Sunday, May 1, 2011

The White Nile


We are jouncing toward the White Nile river in a Land Cruiser, entering a part of the city that is new to me. I have not yet seen the river, arguably the most famous in the world, up there with the Amazon, the Euphrates. What else is in its league - the Ganges, the Yangtze, the Danube? Anyway I'm excited. Most famous or not, it is definitely the world's longest, at 4,130 miles, and it flows northward right through Juba up to Khartoum, then through Egypt and out to the Mediterranean. I've been told there are some nice resorts on the river banks, so I'm surprised when we turn down a dusty dirt road into a run-down area. Goats galore. Soon I can see the tops of huge dark-green trees clustering together, and I know we are getting close to the river. First we drive through the poorest-looking place I have seen in my first few weeks here.

Here, homes are built from sticks, scraps of plastic bags, cardboard, newspapers and bed sheets. I see some shredded UN-issued blue tarps used as roofs. Most of the places are crooked stick-built lean-tos. There are small cookfires, discarded tires and car parts, trash piles, thousands of flattened water bottles and other debris, the ubiquitous yellow jerrycans for collecting water. Naked dirt-covered children. A lady has spread some things out for sale - I can't quite see what but it looks like a half-dozen cans of something. We drive past a tiny boy wandering naked with tears streaking his dusty face. He could be hungry, lost - or it could be that the two older children nearby won't let him play with them. I see my first herd of cattle, driven by a man holding a stick toward the river. Almost all of the cattle have magnificent long curving horns. There is no factory farming around here, so the horns are left alone. Cattle are a food source but are chiefly important as currency and are highly prized.

Our destination is the Oasis Resort. We get through the shanty town and are there. Past security and some thatch-roofed bars, down to a patio with umbrellaed dining tables, and there is the legendary river. Gray-brown water flows strongly past us occasionally carrying broken tree branches. It is a long way to the lush banks on the other side, the east side of the river - a couple of football fields wide at least. We are beneath a canopy of the tallest mango trees I have ever seen. The river bank on this side is lined with huge mango trees and we can smell the tangy rot of fallen fruit in the knotted roots around us. These mangoes are small, no bigger than tennis balls. I can see bunches of them dangling from long stems 200 feet above us.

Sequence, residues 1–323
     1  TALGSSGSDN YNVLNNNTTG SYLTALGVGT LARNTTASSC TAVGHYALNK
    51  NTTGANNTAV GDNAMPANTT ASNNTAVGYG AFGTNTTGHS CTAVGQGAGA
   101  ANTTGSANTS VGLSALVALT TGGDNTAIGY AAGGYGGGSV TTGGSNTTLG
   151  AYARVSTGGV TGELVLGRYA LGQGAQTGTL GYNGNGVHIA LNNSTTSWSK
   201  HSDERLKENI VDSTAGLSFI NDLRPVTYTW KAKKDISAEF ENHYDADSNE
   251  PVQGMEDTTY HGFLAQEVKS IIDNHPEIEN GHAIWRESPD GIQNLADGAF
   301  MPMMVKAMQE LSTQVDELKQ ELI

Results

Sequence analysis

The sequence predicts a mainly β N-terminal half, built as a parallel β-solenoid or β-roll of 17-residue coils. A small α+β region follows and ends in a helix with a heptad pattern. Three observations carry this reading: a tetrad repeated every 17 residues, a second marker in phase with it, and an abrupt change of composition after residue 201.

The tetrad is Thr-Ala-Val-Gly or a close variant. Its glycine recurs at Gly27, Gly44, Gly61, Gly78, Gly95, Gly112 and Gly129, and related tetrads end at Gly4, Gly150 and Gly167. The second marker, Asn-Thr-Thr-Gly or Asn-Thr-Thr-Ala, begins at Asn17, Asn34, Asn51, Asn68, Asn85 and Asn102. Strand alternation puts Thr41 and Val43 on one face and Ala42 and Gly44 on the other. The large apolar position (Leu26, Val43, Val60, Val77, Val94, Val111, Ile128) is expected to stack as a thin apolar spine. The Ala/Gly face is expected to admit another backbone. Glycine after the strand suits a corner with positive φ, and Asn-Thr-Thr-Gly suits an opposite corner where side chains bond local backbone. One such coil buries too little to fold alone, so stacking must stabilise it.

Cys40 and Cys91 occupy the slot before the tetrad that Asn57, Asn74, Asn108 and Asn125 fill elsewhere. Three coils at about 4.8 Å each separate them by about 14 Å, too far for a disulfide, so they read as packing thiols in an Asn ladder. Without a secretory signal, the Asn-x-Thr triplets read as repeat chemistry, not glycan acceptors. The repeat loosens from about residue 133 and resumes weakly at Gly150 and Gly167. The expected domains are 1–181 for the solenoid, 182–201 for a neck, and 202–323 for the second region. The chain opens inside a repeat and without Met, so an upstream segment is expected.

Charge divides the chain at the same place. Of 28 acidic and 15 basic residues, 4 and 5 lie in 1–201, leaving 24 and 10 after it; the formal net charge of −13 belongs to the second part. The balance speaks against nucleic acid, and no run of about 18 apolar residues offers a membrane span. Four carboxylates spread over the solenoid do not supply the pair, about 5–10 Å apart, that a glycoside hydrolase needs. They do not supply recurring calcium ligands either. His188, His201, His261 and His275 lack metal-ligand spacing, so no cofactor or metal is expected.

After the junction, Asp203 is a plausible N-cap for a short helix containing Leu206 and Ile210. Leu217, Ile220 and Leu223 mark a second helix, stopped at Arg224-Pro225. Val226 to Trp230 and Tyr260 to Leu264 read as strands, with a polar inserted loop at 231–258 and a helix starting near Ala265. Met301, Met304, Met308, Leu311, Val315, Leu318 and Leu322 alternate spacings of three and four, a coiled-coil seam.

I watch closely for crocs but my companions say this part of the river is too busy for them. The water is also too murky to see fish, though they are there. I ate fried Nile perch recently at a good South Sudanese restaurant called Mama Zara in the center of town. Here, I order goat masala biryani with butter naan and walk down to the end of the patio. I see the rusted hull of an enormous wrecked barge sticking up at a 45-degree angle from a small island in the river, but few other boats. Upstream, I can see a little muddy beach. Locals are bathing, doing their laundry, filling up jerrycans. Kids are playing, splashing, running around in the water. Someone is washing a motorcycle and a truck, which have been driven into the water. People have spread laundry nearby to dry on rocks and bushes.

Hundreds of miles north, in Khartoum, the White Nile is joined by its largest tributary, the Blue Nile, whose source is in Ethiopia. The White Nile gets its name from its habit of flooding and filling with silts at certain times of year, which it deposits during overflows, enriching the soil and making it productive for growing. The area near the river seems a perfect spot for a permaculture project. Plenty of good fertilizer from cattle and goats; tall mature fruit trees and smaller short-lived trees (papayas); abundant water; people with not enough to eat but some knowledge of subsistence farming. Maize and rice can grow here.

Another Westerner with an overly simplified view of things? But weirder ideas for advancement are under consideration - like redesigning South Sudan's cities into animal shapes. Juba would be rebuilt in the shape of a rhinoceros, with its major thoroughfare constituting the rhino's horn. The city of Wau would have a giraffe template, and so on. Food for thought.


  1. I read that the cattle need their horns to fend off lions!

  2. Kind of like the Dubai palm? Though I imagine a lot cheaper than the palm.